The fearsome-looking weapon was used in several movies and novels. Josh Brolin, as Jonah Hex, carried one.
In 1856, Dr. Jean LeMat of New Orleans introduced his invention to his cousin, future Confederate Gen. Pierre G.T. Beauregard. When the Civil War broke out, the Confederacy ordered 5,000, but only about 2,900 were produced. Most saw service.
The interesting thing about the LeMat was that it had two barrels—one was a nine-shot cap and ball revolver, and the other fired buckshot.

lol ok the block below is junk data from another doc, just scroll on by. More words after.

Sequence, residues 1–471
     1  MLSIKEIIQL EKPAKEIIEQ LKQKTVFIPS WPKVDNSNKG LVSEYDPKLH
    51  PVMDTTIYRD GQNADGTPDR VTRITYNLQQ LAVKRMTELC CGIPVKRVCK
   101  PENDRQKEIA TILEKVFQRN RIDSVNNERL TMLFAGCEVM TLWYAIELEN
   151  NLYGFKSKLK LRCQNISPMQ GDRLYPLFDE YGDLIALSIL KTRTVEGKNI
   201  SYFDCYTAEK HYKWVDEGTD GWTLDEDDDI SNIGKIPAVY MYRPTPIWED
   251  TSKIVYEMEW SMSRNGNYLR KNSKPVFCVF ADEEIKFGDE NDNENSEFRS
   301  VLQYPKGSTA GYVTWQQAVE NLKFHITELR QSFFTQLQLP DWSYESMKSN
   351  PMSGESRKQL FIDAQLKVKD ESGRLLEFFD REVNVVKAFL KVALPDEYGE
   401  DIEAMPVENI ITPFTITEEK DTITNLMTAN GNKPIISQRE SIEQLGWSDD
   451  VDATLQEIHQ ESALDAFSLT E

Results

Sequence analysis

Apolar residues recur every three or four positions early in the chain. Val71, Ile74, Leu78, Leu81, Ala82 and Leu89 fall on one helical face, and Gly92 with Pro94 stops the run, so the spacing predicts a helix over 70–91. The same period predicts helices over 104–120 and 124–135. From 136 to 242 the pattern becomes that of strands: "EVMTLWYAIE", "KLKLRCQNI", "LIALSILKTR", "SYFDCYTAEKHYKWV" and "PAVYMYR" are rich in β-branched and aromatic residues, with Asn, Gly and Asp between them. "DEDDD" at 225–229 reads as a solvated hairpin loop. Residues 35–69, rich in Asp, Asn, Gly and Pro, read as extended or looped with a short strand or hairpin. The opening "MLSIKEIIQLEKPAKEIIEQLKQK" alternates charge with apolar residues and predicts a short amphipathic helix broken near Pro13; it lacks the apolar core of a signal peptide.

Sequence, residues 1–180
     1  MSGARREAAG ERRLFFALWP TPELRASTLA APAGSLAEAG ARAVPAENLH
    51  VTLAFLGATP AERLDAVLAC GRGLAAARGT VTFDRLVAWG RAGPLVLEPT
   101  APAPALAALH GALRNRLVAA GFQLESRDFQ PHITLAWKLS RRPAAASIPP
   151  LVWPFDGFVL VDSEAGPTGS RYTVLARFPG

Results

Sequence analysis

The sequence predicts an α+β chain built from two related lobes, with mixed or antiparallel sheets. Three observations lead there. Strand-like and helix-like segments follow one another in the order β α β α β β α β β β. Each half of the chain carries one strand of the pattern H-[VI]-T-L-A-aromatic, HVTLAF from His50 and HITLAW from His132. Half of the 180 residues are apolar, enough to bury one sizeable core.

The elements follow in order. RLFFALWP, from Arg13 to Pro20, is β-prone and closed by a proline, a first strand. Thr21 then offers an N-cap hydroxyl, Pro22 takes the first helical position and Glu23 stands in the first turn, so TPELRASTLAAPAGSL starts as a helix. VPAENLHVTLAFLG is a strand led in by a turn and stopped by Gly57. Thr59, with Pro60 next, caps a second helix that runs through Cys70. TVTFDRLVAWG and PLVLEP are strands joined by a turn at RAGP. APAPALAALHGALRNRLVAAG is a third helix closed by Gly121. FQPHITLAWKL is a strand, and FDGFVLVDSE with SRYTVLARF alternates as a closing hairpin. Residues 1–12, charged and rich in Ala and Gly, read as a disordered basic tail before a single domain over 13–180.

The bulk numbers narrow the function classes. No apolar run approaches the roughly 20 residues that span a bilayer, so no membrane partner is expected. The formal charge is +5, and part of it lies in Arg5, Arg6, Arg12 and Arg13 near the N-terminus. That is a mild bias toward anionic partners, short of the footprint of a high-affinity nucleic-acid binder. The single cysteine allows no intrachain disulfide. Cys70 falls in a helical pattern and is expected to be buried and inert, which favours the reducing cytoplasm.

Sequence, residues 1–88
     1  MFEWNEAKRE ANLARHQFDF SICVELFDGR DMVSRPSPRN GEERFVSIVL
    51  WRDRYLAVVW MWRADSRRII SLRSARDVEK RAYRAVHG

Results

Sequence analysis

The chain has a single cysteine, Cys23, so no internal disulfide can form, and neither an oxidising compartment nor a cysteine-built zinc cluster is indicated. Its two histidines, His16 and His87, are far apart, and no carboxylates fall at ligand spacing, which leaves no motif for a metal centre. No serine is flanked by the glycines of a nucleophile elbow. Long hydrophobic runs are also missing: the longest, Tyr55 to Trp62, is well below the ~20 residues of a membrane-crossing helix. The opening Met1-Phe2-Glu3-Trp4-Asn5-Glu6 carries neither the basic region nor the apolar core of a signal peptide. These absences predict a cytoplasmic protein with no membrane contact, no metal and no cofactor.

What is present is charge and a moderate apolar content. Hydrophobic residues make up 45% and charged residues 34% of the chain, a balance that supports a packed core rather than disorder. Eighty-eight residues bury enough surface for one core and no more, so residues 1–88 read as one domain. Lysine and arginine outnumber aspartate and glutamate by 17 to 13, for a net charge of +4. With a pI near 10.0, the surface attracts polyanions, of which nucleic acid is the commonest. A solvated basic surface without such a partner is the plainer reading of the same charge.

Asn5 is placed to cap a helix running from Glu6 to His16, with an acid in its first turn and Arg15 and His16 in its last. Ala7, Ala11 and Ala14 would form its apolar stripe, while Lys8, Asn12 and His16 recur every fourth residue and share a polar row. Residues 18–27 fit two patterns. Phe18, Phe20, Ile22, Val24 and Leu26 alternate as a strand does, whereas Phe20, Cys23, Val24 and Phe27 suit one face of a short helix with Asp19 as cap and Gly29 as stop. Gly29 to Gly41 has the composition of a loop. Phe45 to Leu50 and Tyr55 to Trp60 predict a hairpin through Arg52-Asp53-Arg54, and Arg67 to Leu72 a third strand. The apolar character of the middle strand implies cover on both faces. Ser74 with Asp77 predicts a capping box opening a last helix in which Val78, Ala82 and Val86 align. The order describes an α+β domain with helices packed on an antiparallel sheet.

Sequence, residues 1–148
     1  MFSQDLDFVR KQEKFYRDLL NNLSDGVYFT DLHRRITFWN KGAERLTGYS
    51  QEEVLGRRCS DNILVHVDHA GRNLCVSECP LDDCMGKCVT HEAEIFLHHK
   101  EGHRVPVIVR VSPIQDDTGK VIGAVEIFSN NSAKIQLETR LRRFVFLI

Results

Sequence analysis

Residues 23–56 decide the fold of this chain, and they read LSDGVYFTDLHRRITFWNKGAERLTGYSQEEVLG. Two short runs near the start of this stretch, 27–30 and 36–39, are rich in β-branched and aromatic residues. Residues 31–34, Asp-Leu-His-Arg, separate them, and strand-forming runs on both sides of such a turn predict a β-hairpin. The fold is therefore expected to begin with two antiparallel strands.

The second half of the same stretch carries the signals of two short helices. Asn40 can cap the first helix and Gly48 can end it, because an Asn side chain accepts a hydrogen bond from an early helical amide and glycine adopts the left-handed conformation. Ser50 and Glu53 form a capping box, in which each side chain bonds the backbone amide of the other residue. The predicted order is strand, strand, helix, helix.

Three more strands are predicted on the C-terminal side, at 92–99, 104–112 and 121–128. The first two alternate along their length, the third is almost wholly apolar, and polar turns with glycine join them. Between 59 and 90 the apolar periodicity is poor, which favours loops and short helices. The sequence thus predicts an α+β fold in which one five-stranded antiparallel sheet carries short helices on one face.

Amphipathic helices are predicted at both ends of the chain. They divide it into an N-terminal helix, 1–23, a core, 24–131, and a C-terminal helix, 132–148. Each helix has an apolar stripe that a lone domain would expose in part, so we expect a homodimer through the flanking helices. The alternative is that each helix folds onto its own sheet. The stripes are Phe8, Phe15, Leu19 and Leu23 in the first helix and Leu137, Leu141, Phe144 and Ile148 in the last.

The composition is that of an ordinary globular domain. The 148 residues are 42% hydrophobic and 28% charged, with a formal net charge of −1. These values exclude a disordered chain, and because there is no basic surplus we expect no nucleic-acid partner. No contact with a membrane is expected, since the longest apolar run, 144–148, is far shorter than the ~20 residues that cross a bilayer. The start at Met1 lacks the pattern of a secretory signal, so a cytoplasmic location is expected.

The revolver did make its way West after the war, but because it fired irregular sized ammo (.40 or .42 caliber), the owner generally had to make his own bullets. Yet gunhands could buy bullets for Colts, Remingtons and Smith & Wessons. Ultimately, that’s why few LeMats were made.
Marshall Trimble is Arizona’s official historian. His latest book is Wyatt Earp: Showdown at Tombstone. If you have a question, write: Ask the Marshall, P.O. Box 8008, Cave Creek, AZ 85327 or e-mail him at firstname.lastname@example.org